“Somebody can make the case out there – and right now there’s nobody on the horizon – but there certainly seems to be an opening” for a Democratic primary challenger to Biden, Castro said, adding that it won’t be him.
Biden’s close aides acknowledge that, in 2020, he was laser-focused on having come out of retirement to deny Trump a second term. If Trump’s not on next year’s presidential general election ballot, they say, the president will broaden the contrasts he presents, seeking to make the race a referendum on broader Trumpism.
That’s a strategy Biden effectively employed during the 2022 elections, when he constantly denounced “ultra-MAGA Republicans.” He hinted there will be more where that came from, recently telling Univision that he didn’t fear facing DeSantis more than Trump next year “because I think that they have a similar modus operandi, a similar way in which they work.”
Biden allies say that the appeal of thwarting Trump can be expanded to Republicans as a whole because many in the party have either continued to embrace Trump’s White House tenure or larger MAGA movement, or at least have struggled to condemn things such as spurious questioning of the 2020 election results and defending the mob that overran the Capitol on Jan. 6, 2021.
Many top Republicans also have, at one time or another, suggested they would support cuts to Medicare or Social Security, Biden aides note, a criticism the president has already begun lobbing.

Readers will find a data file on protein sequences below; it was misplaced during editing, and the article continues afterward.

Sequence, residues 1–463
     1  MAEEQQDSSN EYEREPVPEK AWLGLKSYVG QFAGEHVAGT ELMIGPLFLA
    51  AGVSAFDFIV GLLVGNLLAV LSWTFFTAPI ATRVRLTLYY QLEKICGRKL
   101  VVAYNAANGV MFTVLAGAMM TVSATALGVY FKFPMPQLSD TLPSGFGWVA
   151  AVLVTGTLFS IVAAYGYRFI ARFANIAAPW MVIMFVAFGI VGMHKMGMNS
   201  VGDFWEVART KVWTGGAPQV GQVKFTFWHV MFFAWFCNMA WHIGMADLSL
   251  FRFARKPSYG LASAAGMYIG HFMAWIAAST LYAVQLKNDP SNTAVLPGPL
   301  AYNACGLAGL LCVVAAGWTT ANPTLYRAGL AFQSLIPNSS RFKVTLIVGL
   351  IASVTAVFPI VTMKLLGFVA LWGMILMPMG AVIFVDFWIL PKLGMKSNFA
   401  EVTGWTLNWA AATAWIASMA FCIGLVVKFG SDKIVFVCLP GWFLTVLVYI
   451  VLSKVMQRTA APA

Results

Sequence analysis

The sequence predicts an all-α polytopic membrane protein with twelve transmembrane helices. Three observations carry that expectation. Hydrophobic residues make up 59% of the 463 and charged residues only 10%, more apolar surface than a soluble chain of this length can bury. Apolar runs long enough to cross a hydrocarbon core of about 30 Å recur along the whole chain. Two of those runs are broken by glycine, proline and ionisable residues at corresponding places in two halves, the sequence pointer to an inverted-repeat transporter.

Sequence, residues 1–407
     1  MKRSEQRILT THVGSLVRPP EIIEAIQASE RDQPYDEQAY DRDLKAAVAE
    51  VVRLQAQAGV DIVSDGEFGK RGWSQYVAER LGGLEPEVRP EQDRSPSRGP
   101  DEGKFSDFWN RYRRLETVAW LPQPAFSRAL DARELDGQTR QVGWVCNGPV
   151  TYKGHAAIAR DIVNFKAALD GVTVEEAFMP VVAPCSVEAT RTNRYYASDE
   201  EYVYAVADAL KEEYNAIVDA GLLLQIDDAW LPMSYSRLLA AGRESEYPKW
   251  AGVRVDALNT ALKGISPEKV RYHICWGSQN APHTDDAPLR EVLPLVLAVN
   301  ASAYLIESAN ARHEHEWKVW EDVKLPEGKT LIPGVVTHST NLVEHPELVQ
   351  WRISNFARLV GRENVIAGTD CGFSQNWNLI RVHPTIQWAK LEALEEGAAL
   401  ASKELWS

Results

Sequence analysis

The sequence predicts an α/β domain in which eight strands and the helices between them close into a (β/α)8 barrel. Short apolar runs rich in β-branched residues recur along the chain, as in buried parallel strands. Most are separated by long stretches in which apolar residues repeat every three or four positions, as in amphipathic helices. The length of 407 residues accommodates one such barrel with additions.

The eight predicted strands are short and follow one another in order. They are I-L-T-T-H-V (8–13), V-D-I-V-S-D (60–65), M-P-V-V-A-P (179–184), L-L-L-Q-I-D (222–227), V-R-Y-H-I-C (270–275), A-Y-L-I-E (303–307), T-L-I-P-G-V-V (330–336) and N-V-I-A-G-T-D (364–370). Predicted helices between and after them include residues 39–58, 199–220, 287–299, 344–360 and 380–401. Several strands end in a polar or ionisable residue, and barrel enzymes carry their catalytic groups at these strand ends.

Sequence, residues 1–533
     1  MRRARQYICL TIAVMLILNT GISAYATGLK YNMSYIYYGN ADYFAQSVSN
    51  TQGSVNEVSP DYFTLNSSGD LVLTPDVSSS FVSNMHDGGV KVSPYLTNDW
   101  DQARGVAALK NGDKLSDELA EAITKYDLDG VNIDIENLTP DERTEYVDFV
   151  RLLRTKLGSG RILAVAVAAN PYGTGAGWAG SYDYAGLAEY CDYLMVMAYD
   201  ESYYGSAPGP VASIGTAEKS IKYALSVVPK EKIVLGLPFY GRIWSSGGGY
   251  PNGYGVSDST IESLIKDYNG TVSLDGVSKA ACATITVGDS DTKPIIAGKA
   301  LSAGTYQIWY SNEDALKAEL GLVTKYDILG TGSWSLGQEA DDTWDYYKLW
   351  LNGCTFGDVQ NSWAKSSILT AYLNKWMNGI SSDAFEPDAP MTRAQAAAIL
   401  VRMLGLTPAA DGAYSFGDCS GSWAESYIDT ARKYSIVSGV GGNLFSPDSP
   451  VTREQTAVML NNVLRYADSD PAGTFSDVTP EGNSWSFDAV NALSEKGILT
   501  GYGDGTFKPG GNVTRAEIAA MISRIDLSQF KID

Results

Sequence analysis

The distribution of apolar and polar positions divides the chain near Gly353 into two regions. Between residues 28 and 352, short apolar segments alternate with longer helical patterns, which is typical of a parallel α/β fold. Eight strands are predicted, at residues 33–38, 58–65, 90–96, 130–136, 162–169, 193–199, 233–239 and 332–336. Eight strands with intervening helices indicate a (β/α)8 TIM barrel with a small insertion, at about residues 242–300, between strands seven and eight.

The Democrats’ midterm performance shows Biden was able to win last year without Trump on the ballot, and could do so again next year, those close to the president argue. Either way, they predict Biden will be buoyed in 2024 by two years of promoting trillions of dollars of reinvestment domestically.
That all resonates with Brandon Mayberry, an Emory University senior who also came to hear Harris in Atlanta. He said he plans to vote for Biden in 2024 regardless of who the president’s opponent is, but admits that what happens next gives him pause.
“I like his passion as an 80-year-old man,” Mayberry said. “But five, six more years — that’s kind of concerning.”
Associated Press writers Bill Barrow in Atlanta and Zeke Miller contributed to this report.